I. Value Systems Based On Authority



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A QUESTION OF VALUES

Six Ways We Make the Personal Choices That Shape Our lives

by Hunter Lewis



I. Value Systems Based On Authority


  • To rely on an external authority is the most common way we form our beliefs.



  • Faith of small child is unconditional. Faith of adult is conditional, even skeptical. They are as likely to believe one authority as another.




  • Americans have no excessive respect for external authority (King George).




  • Such a conditional stance may work in everyday secular affairs but, on a deeper level it is no way to approach God's throne.



The Bible as Authority


  • Large number of Americans choose a sacred text as source of authority such as the Bible (Orthodox Jews & Protestant Fundamentalists)




  • Three pillars of Protestant fundamentalist faith: all powerful, personal God; exclusive redemption through Christ; absolute & unconditional authority of unerring Bible




  • Want government to be Christian institution. The problem is it brings special obligation of unrelenting spiritual vigilance. America's original Protestant Reformation heritage seen as under continual attack, first by wave of non-Protestant immigrants (1850-1900) and now by secular humanists/atheists.




  • Issues of concern are school prayer, pornography, abortion. Also, think that Congress has discouraged the work ethic and subsidized permissiveness.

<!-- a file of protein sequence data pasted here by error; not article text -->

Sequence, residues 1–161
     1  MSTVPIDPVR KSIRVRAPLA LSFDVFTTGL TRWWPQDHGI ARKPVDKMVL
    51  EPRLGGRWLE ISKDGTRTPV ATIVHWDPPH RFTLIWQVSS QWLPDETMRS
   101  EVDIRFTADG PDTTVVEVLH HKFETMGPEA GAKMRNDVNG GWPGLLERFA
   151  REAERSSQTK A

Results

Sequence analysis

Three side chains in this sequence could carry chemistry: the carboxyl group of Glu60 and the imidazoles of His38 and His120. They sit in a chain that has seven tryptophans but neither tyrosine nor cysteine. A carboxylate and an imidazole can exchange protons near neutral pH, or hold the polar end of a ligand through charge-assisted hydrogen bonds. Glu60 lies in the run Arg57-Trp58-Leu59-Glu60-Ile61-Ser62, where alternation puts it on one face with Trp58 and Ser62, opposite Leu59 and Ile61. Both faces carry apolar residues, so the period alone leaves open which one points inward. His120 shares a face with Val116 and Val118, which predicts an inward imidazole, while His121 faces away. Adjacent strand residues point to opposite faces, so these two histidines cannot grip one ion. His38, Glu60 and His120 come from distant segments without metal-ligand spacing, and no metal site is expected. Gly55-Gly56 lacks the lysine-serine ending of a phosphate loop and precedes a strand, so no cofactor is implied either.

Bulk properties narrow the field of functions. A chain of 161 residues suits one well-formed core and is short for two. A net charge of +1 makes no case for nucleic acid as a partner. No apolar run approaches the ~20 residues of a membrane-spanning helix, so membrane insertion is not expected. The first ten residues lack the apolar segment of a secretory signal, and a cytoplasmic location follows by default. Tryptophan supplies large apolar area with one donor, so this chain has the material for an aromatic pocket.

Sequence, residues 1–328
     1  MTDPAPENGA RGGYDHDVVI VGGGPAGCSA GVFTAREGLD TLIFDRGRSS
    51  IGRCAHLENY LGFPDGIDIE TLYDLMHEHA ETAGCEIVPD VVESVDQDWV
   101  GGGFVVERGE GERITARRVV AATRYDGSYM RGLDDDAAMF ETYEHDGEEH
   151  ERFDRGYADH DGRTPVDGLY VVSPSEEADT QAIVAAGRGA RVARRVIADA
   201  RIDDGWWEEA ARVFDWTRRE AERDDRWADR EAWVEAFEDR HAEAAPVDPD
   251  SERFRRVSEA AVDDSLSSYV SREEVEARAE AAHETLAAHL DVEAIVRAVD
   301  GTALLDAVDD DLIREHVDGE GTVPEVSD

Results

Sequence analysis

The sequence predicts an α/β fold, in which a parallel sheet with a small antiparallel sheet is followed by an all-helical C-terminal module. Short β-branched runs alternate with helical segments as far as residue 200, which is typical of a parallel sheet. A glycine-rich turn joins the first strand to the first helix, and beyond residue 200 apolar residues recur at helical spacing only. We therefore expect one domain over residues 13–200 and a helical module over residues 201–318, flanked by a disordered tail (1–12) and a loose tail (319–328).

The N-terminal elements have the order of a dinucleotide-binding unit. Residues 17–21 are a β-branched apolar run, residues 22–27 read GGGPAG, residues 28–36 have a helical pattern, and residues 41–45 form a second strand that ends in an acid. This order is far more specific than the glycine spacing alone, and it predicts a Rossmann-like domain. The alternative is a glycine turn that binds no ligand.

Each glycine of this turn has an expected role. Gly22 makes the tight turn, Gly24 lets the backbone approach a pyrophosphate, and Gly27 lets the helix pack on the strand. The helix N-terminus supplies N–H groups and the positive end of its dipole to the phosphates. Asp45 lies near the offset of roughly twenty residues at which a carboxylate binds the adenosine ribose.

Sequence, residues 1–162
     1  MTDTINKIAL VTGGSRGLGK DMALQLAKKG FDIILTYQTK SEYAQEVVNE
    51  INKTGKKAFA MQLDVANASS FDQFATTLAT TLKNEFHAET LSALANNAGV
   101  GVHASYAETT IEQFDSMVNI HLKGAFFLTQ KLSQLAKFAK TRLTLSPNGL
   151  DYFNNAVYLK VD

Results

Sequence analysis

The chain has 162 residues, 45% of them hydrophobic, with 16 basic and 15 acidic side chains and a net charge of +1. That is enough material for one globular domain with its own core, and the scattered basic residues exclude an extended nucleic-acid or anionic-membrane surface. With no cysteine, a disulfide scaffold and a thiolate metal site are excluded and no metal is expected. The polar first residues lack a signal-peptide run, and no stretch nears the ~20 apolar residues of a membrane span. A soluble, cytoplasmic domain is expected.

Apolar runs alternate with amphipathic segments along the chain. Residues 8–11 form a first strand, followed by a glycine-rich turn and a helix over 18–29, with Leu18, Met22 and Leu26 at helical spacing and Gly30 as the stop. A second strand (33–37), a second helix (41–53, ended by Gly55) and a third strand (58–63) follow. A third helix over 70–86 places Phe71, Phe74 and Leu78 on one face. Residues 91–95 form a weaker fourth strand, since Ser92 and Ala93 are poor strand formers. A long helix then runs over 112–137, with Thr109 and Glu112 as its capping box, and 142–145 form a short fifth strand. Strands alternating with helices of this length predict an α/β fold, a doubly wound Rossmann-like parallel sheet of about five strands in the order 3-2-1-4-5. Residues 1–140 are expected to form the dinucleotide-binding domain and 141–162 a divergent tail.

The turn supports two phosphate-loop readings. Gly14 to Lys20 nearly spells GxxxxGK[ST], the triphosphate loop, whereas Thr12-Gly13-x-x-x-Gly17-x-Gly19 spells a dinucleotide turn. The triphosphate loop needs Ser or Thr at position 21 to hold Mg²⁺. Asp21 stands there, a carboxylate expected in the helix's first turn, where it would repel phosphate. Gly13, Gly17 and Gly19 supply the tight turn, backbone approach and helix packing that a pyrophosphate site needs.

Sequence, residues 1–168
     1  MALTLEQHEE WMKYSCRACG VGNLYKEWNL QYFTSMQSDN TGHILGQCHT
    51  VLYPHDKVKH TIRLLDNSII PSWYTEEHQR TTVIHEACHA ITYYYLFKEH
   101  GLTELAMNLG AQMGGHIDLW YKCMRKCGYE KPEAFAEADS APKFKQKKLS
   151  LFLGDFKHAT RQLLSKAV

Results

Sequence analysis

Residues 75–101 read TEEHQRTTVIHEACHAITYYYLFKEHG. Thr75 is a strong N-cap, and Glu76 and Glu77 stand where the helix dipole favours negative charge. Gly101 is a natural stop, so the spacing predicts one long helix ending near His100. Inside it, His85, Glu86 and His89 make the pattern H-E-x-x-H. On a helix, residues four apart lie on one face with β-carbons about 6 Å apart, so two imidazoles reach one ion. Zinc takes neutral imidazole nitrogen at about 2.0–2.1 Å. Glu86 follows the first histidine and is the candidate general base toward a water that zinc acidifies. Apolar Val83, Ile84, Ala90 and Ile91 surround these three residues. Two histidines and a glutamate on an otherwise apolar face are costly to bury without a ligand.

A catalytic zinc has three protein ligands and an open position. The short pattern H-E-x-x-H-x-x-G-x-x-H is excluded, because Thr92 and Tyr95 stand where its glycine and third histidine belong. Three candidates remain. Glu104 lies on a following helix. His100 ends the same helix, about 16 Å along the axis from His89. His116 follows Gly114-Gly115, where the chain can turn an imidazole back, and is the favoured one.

The Church as Authority


  • Catholics' source of authority is church itself.




  • Catholic Church is another great Christian fundamentalism, believes tradition.




  • Christianity is under attack by modern world & must be strenuously defended. Beliefs such as personhood of God, immanence of supernatural in everyday life, exclusive salvation through Christ, & more.



Human as Authority


  • Small # place faith in another human being. For example, David Koresch of the Branch Davidians.


II. Value Systems Based On Logic


  • Focuses on deductive logic as a “way of knowing.” Technique for clarifying thoughts and speech, employs Socratic method, dialectic, syllogism. Ultimate truth is not to be found in church or Bible but rather in deductive reasoning. Order and consistency are all important in human affairs. Must be continually tested by drawing finer and finer distinctions.